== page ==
Thursday, October 12, 2017

Berliner Weisse, Brett, and a Kürbislagerbier.

There is a lot of hype that inflates the reputation of "craft beer" in Berlin. Much of it is insular and unjustified, where quality is concerned (and some of the better stuff is not brewed in Berlin at all).

Meanwhile, the trendy set tend to overlook the longer-established local breweries.

Lemke is an obvious example here. Oli Lemke started at Hackescher Markt in 1999 by making loads of different styles on a wee brewpub kit --  In that sense he was ahead of his time in Berlin -- but soon settled on a few types that sold reliably to locals and tourists. The variety-beer trend kicked in much later, and Lemke got back into things like IPA, imperial stout... and very recently, after years of tinkering, a proper Berliner weisse.

Another Berlin brewery too often overlooked is Brewbaker, despite the fact that founder Micha Schwab has contract brewed for -- or rented out his kit to -- some of the local upstarts. Schwab jokes that he has "the world's worst marketing since 2005."

Like the much newer Schneeeule (which also rented his kit for a while), Schwab makes a Berliner weisse whose mixed-culture fermentation includes brettanomyces along with lactic bacteria. So does Lemke's new one, incidentally. It's become conventional wisdom here that an authentic Berliner weisse needs to have brett in it. Schwab was doing that before it was cool.

If the Schneeeule beers are bretty in the way that IPAs are hoppy -- they can punch you in the face with funk, very enjoyable to those of us that like that sort of thing -- Brewbaker's weisse is more elegant in the way of a finely tuned pils or pale ale. The beer is tart, lemony and dry, and the brett is relatively subtle, like cellar must in the backdrop. Schwab, who opened a few bottles for us Tuesday at the Bar Convent trade show, said that the brett is "stinkiest" after about six months in the bottle. But personally I found it more pronounced, with more "horseblanket" aroma, in the 2013 Jahrgangsweisse he uncorked than in the 2017 version.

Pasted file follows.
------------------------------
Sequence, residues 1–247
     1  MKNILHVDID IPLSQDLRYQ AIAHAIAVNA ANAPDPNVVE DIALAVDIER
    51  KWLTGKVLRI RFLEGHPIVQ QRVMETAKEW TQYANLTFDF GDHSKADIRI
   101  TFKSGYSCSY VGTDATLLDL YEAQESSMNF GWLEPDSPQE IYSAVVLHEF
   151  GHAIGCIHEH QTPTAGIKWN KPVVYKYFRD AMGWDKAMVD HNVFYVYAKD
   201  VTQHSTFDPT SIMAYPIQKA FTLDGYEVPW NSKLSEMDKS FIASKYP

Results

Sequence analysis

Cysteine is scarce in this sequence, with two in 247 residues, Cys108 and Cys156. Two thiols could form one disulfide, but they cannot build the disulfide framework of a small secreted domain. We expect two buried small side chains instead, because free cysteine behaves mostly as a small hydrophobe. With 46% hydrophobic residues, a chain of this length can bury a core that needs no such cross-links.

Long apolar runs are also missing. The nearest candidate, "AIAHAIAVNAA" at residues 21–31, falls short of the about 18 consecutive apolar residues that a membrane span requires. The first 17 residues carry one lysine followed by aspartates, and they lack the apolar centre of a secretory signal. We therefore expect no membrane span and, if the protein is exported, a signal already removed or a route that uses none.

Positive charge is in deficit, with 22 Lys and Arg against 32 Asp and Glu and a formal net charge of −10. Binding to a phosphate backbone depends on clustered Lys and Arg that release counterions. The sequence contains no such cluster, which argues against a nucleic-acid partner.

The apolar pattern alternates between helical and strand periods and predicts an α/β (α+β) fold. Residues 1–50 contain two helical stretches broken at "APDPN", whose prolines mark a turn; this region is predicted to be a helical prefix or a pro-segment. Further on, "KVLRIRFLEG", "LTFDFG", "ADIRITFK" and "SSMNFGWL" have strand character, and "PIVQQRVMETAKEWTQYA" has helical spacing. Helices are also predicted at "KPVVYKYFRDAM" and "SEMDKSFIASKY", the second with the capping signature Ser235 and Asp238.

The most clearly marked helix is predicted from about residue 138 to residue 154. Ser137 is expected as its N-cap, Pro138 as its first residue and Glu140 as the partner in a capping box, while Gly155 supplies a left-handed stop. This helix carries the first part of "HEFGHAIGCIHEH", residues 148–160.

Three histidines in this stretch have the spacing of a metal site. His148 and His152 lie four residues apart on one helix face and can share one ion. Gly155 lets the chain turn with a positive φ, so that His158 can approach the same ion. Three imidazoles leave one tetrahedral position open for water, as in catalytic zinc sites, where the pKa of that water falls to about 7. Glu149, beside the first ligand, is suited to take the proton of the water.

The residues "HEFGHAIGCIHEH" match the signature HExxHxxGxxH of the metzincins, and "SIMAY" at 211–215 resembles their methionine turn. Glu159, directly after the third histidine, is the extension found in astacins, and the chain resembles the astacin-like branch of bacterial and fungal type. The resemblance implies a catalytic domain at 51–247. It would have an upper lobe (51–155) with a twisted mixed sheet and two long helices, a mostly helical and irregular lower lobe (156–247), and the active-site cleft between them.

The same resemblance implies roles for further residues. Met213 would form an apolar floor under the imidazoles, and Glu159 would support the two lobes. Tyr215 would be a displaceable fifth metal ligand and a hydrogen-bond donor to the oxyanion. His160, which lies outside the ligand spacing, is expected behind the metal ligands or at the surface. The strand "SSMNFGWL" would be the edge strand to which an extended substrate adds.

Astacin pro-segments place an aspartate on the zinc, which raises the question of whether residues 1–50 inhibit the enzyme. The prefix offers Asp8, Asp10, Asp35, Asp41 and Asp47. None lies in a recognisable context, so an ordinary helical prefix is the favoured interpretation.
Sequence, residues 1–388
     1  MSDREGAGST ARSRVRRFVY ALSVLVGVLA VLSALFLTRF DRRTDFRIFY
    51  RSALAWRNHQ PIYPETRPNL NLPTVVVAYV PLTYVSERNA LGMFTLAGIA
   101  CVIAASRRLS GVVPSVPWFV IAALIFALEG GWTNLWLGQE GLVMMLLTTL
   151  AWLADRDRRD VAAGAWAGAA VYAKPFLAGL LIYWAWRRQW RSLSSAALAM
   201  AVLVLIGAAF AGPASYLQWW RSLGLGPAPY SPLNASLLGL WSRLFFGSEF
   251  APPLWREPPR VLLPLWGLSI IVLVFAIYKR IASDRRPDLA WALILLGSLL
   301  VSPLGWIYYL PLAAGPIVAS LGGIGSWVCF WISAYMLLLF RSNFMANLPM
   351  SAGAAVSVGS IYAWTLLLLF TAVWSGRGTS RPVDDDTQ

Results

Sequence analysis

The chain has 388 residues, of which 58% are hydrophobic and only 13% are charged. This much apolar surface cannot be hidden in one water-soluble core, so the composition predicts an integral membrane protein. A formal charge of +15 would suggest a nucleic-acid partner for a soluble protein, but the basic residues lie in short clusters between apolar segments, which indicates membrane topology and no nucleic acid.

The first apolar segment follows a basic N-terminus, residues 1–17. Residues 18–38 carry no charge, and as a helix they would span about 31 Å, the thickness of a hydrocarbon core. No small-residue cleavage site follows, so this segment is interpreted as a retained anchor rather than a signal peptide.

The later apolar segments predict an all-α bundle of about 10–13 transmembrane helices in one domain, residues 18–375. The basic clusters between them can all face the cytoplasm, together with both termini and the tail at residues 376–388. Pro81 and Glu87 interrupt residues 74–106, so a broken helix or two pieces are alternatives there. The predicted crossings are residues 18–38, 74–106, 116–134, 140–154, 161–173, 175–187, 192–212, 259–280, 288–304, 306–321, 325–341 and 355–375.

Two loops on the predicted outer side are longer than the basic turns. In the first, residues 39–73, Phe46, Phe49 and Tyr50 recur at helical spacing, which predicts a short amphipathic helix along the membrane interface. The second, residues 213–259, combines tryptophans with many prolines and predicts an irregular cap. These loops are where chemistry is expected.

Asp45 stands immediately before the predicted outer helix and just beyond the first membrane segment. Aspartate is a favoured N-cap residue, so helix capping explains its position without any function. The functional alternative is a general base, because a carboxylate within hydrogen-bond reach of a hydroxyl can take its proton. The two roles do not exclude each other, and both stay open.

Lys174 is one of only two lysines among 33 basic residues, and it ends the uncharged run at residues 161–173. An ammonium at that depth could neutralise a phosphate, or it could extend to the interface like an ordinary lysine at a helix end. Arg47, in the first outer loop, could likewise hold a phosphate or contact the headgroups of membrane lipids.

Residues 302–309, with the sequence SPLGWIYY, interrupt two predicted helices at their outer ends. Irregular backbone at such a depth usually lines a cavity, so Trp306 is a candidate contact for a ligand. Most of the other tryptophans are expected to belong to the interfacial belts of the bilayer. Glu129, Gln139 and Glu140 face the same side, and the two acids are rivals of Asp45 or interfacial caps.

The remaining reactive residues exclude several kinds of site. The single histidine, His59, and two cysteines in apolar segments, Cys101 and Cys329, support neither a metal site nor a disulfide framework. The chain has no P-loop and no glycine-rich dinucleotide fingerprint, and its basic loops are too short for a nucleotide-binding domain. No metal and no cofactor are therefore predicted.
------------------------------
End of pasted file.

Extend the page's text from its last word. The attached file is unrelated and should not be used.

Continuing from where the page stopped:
The other one I couldn't pass up is Brewbaker's Pumpkin Lager. Living abroad the past 11+ years, I don't get drowned in pumpkin spice beers this time of year like those back in the US. I figure I'm missing out on a dubious cultural experience. This was an enjoyable beer, pale like a pils, with spice in the nose and flavor but not overly done, with enough bitterness to more than balance it out. Schwab said the mash is 10 percent pumpkin, which he buys whole and cooks himself first. Also notable: All his beers are organic these days.

Thanks to this decrepit old blog I learned that nine years ago I missed drinking his Pumpkin Lager by a only few days. Back in 2008 on a trip to Berlin my wife and I twice visited pub he had started in 2005, under the railway arches at the Bellevue S-Bahn station. We enjoyed the food and beers immensely, though he only had a pils and dunkel on that week.

These days you can find Brewbaker near the Buesselstraße S-Bahn station, with beer for purchase during office hours (Mo-Fr 09.00-17.30). You can also find the beers at several shops and pubs around town.

However, I don't notice them as often as I'd like.

No comments:

Post a Comment